Bland nursing home food.

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This is really just a whine I need to get off my chest. Mom is on a pureed diet... I'm over the despair about the texture but am still feeling angst about the actual food that is served. No matter what is on the menu in the end what is served will invariably be a daub of pureed meat, mashed potatoes , a vegetable, and the ubiquitous "bread pudding" that is part of every meal. Oriental beef stir fry with rice and pineapple becomes pureed beef, mashed potato and mystery veg, no pineapple in sight. Bbq pork ribs with sweet potato fries and mixed veg? Pureed pork, regular mashed potatoes and a mystery veg (this one was bright mustard yellow but tasted of something cruciferous, any ideas?). No, there was no bbq sauce available on the side, I asked. In my recent discussion with the dietary director she was proud of the fact that they didn't smother everything in sauces and gravy, and while I agree that constant over use is a bad thing I couldn't get her to see that judicious, appropriate use is the thing that takes a meal to the next level. Yes, to extra barbecue sauce! Gravy when appropriate. Cheese or butter sauce for the veg! Pickles, mustard, ketchup relishes, chutneys, hot sauce, herbs and spices....

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What does your mom think of the food?

My mom was also on varying level of chopped and pureed meals in the 4 years she was in the nh. At times she was on regular meals.

I never once heard her complain about the food!

And she complained plenty when she was in Independent Living! Overcooked string beans, waiters who didn't know the menu and on and on.
CWillie, this is I think one of the hardest things about pureed food - making it appetizing and varying it. It does sound as if either the dietician or the chef isn't very innovative.

Do they serve Magic Cups? They're like the old Dixie cups; Dad loved them. Even if the meal wasn't visually appealing, those Magic Cups made plowing through the bland meals worthwhile.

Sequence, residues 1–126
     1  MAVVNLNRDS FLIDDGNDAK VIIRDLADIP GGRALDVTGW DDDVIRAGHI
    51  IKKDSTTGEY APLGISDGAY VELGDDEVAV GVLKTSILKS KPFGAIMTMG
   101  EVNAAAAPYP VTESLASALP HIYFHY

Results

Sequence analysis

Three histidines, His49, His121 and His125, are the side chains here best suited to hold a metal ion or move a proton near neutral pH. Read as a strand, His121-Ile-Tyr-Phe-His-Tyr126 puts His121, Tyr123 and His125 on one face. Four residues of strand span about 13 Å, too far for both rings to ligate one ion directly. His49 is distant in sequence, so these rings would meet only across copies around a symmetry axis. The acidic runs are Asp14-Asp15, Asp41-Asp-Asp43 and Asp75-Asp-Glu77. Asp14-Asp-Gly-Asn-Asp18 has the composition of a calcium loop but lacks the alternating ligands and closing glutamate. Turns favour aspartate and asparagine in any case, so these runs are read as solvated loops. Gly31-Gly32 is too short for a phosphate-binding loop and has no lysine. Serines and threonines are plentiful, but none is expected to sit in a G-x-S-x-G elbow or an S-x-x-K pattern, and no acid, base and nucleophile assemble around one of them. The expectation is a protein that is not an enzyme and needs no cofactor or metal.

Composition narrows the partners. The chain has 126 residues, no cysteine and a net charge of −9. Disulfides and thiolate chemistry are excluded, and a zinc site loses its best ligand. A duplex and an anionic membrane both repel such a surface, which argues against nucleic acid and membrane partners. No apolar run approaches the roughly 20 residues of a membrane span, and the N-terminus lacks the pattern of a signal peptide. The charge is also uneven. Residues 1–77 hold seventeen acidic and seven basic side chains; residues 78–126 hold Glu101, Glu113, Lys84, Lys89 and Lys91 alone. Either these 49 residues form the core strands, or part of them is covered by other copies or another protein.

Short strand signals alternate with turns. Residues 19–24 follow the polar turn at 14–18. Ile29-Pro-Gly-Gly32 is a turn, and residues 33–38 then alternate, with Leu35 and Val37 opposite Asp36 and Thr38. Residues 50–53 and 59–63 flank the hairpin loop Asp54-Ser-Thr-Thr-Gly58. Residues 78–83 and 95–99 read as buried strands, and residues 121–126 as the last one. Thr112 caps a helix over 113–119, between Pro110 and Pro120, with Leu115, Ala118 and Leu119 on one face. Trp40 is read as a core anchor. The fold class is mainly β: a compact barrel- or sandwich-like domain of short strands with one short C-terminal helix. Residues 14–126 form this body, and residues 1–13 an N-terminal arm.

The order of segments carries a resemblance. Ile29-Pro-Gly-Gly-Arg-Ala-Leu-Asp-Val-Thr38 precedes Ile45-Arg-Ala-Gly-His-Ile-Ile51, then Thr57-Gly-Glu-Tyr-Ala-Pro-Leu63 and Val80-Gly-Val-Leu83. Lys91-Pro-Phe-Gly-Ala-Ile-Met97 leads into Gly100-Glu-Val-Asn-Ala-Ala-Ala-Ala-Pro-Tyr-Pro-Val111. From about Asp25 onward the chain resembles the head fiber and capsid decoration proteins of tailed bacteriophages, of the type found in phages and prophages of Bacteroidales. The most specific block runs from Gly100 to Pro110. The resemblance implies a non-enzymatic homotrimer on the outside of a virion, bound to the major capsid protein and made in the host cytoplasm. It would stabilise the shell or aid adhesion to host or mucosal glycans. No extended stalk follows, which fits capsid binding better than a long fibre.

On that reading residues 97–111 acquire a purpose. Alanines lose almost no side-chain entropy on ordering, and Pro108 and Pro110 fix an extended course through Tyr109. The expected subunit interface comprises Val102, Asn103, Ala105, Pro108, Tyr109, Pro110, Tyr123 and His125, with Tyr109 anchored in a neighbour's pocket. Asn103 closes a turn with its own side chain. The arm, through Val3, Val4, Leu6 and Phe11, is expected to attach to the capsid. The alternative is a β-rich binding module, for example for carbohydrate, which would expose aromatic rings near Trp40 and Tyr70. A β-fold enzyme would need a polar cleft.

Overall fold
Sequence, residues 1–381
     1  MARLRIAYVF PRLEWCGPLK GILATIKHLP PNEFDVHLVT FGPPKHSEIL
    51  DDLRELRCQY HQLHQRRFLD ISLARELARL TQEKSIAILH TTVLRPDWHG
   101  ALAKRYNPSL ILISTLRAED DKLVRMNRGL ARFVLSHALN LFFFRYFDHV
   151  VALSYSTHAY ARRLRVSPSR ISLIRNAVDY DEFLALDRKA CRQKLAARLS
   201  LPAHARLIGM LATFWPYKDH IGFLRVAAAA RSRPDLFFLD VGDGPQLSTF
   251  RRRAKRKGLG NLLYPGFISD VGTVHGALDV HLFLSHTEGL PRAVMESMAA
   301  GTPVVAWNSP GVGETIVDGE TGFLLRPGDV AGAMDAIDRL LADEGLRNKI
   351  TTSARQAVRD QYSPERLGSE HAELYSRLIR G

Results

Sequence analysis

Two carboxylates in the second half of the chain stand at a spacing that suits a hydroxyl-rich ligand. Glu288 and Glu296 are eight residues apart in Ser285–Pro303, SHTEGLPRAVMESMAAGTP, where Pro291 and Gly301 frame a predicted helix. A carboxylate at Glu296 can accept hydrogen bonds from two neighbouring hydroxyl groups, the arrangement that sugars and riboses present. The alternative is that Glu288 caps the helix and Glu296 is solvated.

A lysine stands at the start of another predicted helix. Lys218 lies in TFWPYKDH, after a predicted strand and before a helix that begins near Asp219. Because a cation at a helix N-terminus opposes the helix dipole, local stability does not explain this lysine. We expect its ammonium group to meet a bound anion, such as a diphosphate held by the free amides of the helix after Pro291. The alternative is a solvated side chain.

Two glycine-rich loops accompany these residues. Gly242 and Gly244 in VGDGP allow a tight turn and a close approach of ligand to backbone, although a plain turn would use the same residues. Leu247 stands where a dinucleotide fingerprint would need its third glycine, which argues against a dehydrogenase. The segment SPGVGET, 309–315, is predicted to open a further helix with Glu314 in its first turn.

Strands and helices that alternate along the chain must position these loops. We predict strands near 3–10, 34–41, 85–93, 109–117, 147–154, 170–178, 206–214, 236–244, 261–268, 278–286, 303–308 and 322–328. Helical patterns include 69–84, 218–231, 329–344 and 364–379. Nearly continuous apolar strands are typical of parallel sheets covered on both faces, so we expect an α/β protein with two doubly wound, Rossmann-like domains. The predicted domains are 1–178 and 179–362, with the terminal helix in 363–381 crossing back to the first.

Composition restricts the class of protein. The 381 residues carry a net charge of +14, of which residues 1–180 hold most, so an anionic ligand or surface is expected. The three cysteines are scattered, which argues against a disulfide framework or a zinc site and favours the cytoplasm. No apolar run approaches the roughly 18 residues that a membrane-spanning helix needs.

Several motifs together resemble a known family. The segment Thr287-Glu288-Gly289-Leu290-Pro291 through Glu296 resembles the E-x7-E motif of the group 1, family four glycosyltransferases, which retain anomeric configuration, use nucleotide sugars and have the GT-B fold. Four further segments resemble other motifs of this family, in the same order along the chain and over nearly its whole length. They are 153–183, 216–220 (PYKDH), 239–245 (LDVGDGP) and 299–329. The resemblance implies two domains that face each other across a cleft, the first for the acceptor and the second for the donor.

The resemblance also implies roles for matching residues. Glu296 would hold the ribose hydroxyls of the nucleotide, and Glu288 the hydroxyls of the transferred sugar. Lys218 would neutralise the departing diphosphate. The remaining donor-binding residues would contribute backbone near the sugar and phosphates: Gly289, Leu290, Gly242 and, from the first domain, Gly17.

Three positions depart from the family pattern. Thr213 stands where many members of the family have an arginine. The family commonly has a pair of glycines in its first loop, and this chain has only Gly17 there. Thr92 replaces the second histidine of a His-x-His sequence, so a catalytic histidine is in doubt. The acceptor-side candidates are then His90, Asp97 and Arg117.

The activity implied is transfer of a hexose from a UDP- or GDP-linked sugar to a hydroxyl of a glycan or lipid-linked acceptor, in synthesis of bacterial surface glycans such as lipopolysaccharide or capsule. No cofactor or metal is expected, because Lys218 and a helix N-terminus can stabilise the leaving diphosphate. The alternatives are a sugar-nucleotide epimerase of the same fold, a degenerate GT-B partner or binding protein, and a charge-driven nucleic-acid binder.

I found them through Gordon Foods; I could buy a case for about $48. That's the smallest size sold. Imagine eating $48 worth of ice cream puddings!

One of the sites I found which addressed dysphagia diets sells molds in lovely shapes, for families that want to add a bit of art to the boring pureed meals. I don't think facilities would use those though.

Now that I'm getting the hang of all this, I'm starting to think of some ways to snazz up Dad's meals. I might put a sprig of parsley on something (he probably would eat it anyway), make some pancakes in the shape of animals as Mom and Dad did when we were kids.

This is a real culinary challenge. I wonder if the culinary schools ever consider that the drama they create in foods could benefit people on boring dysphagia diets.
CWillie, this is I think one of the hardest things about pureed food - making it appetizing and varying it. It does sound as if either the dietician or the chef isn't very innovative.

Do they serve Magic Cups? They're like the old Dixie cups; Dad loved them. Even if the meal wasn't visually appealing, those Magic Cups made plowing through the bland meals worthwhile.

I found them through Gordon Foods; I could buy a case for about $48. That's the smallest size sold. Imagine eating $48 worth of ice cream puddings!

One of the sites I found which addressed dysphagia diets sells molds in lovely shapes, for families that want to add a bit of art to the boring pureed meals. I don't think facilities would use those though.

Now that I'm getting the hang of all this, I'm starting to think of some ways to snazz up Dad's meals. I might put a sprig of parsley on something (he probably would eat it anyway), make some pancakes in the shape of animals as Mom and Dad did when we were kids.